Legislature working to ease the burden on Kentucky prison system

Criminal justice reform is a prevalent issue in Kentucky politics as the overburdened correctional system achieves record-level spending and inmate populations. If the advocates for restructure succeed, the state could see a drop in prison sentences without a subsequent rise in crime statistics.

According to the Lexington Herald Leader, prison populations are at critical mass, and the correctional budget spending will top an estimated $675 million by the end of 2021. Legislators are debating at least a dozen new proposals in the current session, which could save millions in taxpayer liability.

Felony reform

The House Judiciary Committee is waiting to hear a bill that would allow juries to bypass mandatory minimum sentences for repeat felony indictments depending on the severity of the crime. For example, multiple arrests for shoplifting might no longer result in a prison term of five years or more.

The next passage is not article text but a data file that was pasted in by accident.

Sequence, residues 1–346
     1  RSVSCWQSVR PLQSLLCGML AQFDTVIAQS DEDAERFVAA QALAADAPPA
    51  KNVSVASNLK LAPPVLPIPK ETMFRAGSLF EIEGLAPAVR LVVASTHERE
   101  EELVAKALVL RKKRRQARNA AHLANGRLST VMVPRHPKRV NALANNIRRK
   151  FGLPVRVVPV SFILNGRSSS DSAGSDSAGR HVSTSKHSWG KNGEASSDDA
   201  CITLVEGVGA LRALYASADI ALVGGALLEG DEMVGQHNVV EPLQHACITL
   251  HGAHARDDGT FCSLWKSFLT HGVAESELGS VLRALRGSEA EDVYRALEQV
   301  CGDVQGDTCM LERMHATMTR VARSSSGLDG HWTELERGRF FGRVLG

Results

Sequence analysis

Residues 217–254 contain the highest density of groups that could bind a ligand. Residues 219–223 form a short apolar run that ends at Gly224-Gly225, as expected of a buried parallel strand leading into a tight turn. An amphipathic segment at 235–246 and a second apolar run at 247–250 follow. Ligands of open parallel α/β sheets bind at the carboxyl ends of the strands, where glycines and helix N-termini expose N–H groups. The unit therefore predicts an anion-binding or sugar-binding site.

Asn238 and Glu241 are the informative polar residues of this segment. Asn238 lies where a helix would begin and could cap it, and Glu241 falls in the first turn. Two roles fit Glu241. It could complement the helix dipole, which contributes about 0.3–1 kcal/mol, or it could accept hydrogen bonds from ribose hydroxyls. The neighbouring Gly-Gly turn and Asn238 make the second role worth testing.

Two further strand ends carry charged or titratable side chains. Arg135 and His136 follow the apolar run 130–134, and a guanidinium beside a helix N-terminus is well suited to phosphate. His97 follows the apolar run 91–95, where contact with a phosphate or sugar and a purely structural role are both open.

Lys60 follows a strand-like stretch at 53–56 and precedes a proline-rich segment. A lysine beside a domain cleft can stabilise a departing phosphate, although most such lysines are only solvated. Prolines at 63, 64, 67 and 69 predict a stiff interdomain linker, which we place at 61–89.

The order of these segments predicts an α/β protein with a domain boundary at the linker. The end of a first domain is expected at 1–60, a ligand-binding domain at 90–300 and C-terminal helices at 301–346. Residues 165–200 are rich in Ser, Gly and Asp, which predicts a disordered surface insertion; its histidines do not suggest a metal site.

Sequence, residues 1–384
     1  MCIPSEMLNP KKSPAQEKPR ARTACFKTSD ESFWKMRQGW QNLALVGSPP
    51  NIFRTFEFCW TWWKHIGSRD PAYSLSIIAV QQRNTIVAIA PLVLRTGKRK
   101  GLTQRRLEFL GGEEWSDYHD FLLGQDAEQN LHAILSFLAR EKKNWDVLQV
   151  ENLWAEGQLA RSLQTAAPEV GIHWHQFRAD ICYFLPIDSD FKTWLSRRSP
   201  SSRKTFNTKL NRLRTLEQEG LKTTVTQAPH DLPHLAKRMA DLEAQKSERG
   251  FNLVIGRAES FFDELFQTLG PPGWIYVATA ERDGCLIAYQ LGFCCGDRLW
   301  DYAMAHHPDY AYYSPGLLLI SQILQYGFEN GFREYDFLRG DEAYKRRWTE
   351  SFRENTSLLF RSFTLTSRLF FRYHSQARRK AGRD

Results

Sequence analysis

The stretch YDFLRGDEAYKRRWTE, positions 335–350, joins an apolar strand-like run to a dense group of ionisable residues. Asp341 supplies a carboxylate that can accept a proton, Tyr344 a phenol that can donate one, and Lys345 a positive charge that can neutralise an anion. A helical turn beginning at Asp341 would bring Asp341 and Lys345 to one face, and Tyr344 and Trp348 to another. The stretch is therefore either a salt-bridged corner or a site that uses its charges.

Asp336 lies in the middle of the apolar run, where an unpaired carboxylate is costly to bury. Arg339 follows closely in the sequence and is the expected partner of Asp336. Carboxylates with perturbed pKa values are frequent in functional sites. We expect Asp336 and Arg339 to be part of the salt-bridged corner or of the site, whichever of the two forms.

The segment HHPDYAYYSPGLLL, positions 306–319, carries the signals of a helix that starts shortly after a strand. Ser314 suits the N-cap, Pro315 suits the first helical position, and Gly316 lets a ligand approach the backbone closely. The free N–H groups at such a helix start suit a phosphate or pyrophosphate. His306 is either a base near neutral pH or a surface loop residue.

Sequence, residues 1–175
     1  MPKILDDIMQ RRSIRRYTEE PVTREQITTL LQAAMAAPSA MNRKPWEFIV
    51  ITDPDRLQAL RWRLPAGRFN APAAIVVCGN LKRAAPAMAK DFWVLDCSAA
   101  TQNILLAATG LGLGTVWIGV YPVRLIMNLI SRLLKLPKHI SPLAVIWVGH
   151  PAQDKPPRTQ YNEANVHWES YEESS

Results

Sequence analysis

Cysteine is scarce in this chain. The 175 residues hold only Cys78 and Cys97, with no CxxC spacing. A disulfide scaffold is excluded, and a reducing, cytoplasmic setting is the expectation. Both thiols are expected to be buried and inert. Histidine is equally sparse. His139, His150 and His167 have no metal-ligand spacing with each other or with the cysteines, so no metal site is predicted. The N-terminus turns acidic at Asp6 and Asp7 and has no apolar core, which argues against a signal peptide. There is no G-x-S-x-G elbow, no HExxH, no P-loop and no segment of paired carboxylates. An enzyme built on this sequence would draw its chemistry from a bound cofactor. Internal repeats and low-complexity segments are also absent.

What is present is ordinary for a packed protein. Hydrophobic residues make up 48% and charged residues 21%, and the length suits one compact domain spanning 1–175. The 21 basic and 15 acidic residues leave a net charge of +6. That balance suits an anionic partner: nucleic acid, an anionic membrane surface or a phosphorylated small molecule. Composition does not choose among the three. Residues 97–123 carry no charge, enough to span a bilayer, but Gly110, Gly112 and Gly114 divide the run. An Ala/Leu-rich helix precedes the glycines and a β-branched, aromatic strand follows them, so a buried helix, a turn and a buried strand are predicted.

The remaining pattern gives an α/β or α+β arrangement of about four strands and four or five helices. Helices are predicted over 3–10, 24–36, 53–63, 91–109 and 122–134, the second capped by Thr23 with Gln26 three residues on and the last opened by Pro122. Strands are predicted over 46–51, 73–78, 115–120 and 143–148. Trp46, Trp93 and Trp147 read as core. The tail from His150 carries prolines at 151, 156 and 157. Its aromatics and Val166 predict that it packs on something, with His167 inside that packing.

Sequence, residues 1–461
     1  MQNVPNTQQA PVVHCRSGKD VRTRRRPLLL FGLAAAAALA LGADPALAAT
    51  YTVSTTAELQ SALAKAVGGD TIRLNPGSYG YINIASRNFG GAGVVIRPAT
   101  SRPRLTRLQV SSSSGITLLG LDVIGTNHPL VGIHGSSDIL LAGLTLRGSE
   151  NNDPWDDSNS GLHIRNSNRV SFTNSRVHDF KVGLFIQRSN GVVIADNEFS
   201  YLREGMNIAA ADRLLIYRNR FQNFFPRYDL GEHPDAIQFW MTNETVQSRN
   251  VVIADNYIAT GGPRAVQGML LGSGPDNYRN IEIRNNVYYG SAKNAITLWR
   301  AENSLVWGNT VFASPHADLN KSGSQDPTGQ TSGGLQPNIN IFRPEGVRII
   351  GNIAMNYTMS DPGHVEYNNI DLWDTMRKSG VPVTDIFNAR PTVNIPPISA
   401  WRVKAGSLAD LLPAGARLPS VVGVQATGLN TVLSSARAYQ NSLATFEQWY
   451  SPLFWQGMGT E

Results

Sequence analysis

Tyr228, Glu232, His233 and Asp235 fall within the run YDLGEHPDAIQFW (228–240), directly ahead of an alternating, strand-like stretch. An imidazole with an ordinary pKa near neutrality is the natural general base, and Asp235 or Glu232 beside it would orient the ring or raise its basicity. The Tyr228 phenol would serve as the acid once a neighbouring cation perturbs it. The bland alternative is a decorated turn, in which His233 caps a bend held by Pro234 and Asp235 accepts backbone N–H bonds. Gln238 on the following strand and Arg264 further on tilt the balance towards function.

Drug possession reform

One of the proposed changes is a reduction to a Class A or B misdemeanor for possession if law enforcement finds only a trace amount of drug residue on a person. A second, which could likely save corrections over a million dollars annually, would make marijuana possession of 100 grams or less a civil offense. Offenders would have to pay a fine, but would not receive a jail sentence.

Probation and parole reform

These bills would help the poverty-stricken who find themselves back in jail simply because they cannot afford the parole costs. The proposals waive the fees until they can pay and limit the jail terms for violations. There is also help for those incarcerated for addiction or mental-health-related crimes by allowing a reduced 90-day supervision period if they participate in and complete social reform programs.

There is not much time left in the current legislative session, but if at least a few of these bills can make it through to a vote, it would be a good start to ease undeservingly harsh penalties. An attorney can help explain these proposed changes as well as current options to those charged with non-violent crimes.